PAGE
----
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Shelter Island Reporter obituary: Jacqueline Loconsolo Gates

Jacqueline Loconsolo Gates passed away at her home in Woodlawn Park, N.J. on Nov. 3, 2021. She was 69 years old.

A part-time resident of Shelter Island, who summered here from the time she was a child, Jackie was born in Brooklyn, N.Y. to John and Jean Loconsolo on Sept. 9, 1952.

She is survived by her husband, Robert Gates, stepchildren Jeanelle Marie Gates and Brendan Robert Gates, and his wife Lisa.

Jackie was one of eight children, the loving sister to Maria Caccese, Antoinette Chiaro, Regina Dedick and her husband, Drew, Janet D’Auria, Elizabeth Loconsolo-Sposato and her husband, Michael, and Rosemarie Rizzo. Jackie was predeceased by her oldest sister, Victoria Loconsolo, in 1977.

She is the sister-in-law of Harold and the late Reginald Gates, and Tina and Karin Hanson. She is also survived by many adoring nieces, nephews, great nieces and great nephews.

A graduate of St. John’s University with a BA in education, Jackie taught 4th grade at the Lutheran School in Brooklyn. She loved children and often tutored them at home. She was charitable, generous and caring, often volunteering at St. Joseph’s Hospital in Patterson. In addition to teaching, she was an administrative assistant to her father, John, working at his office in Brooklyn.

During summers and weekends spent on Shelter Island at their home on Burns Road, Jackie and Bobby were fixtures at many Island events such as the Chicken Barbecue and Fireman’s Country Fair.

Family and friends lovingly remember Jackie as a true individual who derived pleasure from being with her nieces, nephews and their children. A gentle, selfless person, Jackie’s sense of humor was disarming and infectious. She was gregarious, making even complete strangers feel comfortable and kindred.

Those who knew Jackie will tell you that she could contextually recall the names of almost everyone she had ever met, a testament to her unadulterated caring for individuals. As one sister shared, “She always believed there was something good to be found in every person and she was willing to help anyone who was in pain, both mentally and physically. And she could remember everyone’s name because she truly cared about who you were.”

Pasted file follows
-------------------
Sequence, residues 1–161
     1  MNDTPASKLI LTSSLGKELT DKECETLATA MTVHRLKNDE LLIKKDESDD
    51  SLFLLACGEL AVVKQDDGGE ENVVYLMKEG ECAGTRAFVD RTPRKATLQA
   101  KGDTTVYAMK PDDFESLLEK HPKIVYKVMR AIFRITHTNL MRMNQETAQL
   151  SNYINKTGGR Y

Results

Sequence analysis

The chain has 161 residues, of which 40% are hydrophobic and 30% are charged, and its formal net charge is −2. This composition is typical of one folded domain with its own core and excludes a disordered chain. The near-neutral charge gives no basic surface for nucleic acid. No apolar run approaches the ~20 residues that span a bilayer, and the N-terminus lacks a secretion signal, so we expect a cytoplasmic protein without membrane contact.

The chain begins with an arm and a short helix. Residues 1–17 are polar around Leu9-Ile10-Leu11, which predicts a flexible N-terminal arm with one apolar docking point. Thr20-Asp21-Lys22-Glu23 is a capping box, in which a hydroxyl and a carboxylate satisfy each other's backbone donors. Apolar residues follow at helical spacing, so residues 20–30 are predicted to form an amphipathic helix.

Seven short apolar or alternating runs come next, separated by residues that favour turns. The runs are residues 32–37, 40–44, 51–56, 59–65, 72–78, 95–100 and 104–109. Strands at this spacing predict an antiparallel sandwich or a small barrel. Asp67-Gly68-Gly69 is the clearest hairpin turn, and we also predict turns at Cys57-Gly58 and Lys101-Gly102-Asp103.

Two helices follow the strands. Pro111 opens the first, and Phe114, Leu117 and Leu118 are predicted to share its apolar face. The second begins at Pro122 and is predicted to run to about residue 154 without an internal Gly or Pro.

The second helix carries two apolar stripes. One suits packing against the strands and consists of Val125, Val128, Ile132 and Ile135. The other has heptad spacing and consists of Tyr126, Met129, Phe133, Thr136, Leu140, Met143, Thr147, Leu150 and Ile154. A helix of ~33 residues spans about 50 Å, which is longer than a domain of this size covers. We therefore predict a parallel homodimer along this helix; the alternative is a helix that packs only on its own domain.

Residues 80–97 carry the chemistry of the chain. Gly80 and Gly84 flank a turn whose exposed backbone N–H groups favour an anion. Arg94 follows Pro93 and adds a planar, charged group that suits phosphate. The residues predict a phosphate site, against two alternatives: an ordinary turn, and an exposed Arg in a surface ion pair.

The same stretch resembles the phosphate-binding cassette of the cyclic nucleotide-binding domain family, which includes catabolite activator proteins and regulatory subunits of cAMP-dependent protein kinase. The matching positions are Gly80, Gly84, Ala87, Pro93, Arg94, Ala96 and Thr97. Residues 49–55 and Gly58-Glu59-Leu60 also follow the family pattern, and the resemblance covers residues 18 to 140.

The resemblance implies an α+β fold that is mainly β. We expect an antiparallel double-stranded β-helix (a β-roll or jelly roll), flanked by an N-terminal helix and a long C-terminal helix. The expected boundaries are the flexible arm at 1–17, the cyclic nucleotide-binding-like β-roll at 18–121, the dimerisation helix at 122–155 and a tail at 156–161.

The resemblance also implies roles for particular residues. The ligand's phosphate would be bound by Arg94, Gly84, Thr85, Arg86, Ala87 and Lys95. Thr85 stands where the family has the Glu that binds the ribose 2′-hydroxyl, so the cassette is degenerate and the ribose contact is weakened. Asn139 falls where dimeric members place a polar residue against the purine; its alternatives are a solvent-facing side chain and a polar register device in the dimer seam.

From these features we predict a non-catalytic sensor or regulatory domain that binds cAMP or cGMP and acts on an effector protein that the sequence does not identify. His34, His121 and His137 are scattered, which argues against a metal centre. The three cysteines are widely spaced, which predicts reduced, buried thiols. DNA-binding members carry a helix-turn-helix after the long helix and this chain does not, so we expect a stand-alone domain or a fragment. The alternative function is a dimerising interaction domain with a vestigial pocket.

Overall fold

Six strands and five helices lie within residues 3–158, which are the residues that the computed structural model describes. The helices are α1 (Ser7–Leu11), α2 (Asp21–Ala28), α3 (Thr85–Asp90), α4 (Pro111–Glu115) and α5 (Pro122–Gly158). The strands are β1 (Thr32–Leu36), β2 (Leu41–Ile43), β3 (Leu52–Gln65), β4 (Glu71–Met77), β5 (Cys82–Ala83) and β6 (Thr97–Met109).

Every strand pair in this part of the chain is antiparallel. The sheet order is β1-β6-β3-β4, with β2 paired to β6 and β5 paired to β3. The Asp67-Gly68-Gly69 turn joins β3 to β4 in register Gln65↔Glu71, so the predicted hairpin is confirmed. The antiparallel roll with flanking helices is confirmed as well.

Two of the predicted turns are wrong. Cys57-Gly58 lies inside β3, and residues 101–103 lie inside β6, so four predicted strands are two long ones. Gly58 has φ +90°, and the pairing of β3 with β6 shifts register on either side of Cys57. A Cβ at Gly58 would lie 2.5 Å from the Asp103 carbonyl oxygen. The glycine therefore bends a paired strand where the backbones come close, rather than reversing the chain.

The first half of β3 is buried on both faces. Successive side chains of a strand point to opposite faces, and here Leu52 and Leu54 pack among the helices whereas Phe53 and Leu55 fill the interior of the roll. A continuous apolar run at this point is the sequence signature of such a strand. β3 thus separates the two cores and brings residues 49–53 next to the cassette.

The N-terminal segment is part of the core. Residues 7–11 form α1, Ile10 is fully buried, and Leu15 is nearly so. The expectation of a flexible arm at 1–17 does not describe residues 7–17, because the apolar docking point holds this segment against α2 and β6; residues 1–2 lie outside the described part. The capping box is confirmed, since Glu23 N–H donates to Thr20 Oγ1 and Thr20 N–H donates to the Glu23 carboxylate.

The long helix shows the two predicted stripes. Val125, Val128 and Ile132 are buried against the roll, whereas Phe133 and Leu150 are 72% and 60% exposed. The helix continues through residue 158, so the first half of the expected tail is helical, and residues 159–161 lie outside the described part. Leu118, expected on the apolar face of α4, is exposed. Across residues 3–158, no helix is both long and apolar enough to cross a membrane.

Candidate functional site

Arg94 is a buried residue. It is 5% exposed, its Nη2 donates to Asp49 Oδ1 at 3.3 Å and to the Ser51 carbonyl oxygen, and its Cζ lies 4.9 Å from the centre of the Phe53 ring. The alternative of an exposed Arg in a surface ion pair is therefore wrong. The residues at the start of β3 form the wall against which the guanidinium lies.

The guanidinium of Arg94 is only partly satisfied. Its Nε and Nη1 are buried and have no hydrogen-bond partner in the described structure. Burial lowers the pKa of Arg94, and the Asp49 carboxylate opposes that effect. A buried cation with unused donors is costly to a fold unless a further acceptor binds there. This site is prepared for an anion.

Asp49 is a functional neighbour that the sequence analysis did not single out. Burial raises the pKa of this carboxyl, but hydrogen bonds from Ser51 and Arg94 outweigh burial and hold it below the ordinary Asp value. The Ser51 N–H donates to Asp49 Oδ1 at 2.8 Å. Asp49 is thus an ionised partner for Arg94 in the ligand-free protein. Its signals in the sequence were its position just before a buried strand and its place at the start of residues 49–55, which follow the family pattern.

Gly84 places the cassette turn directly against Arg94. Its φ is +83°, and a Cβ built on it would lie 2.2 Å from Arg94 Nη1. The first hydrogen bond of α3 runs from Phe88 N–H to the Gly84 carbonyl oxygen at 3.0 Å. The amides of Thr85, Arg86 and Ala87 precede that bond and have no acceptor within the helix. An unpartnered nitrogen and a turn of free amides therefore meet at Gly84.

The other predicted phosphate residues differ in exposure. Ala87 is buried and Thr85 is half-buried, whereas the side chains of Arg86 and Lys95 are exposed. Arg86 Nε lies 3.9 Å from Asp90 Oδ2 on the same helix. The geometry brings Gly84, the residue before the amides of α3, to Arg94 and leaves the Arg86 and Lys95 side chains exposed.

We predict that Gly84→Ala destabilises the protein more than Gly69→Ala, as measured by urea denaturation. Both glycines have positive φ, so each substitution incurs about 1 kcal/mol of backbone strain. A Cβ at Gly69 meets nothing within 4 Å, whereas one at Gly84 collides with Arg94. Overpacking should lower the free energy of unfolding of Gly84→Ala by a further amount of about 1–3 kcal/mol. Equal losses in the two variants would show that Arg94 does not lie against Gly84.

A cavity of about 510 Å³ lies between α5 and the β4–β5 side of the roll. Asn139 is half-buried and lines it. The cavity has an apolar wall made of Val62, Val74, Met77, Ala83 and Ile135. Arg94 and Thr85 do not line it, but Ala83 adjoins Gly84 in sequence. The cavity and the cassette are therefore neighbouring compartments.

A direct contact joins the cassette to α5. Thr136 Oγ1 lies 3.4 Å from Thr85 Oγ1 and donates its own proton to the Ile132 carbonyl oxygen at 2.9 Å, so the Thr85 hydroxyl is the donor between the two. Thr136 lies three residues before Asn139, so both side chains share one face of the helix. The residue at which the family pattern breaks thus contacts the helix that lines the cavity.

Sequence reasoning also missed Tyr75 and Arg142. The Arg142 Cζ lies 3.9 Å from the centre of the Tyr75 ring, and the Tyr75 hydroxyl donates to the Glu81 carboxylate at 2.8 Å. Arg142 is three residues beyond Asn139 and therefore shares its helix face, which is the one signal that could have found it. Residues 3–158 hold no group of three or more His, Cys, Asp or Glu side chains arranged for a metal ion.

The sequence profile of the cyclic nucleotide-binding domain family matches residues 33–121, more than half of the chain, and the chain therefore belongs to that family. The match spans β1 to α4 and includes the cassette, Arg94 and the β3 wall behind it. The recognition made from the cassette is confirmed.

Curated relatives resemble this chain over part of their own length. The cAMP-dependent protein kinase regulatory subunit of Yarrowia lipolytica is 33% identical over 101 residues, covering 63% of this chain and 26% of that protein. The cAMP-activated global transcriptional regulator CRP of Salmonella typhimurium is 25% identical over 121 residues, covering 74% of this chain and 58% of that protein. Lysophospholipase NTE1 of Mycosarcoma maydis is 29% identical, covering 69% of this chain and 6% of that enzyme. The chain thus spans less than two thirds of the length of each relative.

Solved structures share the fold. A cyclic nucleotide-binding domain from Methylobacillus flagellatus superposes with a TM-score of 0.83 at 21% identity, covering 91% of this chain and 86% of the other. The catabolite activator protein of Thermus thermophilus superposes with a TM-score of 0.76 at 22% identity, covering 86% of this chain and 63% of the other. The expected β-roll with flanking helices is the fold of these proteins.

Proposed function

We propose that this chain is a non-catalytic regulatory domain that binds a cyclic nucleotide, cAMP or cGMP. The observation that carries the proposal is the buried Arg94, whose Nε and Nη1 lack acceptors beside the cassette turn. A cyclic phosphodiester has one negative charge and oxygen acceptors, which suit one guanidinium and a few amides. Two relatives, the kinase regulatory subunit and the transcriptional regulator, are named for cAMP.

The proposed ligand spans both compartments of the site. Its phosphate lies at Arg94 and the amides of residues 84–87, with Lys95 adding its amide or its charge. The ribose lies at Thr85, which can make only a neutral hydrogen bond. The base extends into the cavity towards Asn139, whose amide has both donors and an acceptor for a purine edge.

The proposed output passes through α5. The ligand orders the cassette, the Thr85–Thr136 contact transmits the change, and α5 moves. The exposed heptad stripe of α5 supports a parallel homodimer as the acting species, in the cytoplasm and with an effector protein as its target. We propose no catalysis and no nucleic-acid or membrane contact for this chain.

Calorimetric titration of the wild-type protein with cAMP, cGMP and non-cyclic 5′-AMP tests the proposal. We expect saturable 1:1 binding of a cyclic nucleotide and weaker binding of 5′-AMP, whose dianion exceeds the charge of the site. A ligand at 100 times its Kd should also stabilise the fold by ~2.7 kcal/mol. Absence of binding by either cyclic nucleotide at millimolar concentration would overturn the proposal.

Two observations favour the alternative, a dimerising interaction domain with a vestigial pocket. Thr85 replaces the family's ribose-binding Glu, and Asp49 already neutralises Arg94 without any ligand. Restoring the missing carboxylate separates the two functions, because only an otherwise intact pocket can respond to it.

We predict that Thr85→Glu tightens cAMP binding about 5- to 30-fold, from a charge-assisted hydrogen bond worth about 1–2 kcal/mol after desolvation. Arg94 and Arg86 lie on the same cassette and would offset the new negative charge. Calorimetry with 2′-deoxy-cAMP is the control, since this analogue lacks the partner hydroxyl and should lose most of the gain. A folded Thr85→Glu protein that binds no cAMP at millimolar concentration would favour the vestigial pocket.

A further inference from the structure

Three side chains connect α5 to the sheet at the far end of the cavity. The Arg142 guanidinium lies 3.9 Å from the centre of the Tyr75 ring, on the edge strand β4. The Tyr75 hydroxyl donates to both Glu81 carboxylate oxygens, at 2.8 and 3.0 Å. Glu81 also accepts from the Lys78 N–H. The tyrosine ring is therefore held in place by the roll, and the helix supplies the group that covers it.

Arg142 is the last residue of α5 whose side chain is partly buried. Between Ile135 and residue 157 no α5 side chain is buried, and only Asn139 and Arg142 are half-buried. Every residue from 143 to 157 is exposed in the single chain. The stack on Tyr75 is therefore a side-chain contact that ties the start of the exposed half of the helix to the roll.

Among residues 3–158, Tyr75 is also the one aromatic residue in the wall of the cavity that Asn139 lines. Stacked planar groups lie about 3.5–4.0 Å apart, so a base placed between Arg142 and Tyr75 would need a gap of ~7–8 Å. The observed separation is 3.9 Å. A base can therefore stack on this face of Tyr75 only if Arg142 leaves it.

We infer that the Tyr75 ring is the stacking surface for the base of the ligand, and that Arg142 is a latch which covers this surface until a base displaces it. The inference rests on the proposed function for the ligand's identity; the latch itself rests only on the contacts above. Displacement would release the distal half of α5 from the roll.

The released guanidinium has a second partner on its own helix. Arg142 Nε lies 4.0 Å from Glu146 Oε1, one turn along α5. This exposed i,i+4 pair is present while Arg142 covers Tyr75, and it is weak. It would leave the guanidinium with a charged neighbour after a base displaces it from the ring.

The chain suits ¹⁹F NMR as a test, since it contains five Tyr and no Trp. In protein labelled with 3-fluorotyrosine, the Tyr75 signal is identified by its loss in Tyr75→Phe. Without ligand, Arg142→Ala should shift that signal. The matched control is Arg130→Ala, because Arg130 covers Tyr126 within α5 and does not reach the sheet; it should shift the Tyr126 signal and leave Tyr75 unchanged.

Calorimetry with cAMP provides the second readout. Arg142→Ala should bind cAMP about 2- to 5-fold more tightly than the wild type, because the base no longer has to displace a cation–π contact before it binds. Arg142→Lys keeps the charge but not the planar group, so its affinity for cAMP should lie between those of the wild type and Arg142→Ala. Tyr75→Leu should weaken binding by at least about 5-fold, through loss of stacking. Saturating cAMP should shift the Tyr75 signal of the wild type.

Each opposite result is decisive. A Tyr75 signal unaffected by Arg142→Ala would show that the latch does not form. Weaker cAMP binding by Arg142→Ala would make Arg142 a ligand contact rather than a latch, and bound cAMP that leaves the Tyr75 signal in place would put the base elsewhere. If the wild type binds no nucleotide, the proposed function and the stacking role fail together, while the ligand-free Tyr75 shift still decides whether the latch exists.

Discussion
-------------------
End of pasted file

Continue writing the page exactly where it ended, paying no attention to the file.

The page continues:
Jackie exhibited a sense of kinship and authentic interest in people from all walks of life, celebrities included. One sister recounts lunching with Jackie and a group of friends in Jupiter, Fla., when someone noticed Burt Reynolds seated at a nearby table. “Without hesitation, Jackie went over, introduced herself and had him holding her hand, conversing and laughing for quite awhile,” she said.

Jackie enjoyed sailing, tennis and a host of other activities. As one sister said, “She always set goals for herself and achieved each one.” She especially enjoyed the afternoons spent with her husband as they motored around Island waters in his boat. They would lunch in Sag Harbor before visiting the Loconsolo house on Coecles Harbor, where Jackie and the rest of the family could watch Bobby take her nieces and nephews for boat rides and water skiing.

With regard to life’s challenges, Jackie met them head on, without complaint or self pity. Later in life, she showed exemplary courage and strength in fighting the disease that eventually took her life, but never robbed her of her indomitable spirit.

In lieu of flowers, the family asks that contributions in Jackie’s name be made to a cancer research organization of one’s choosing.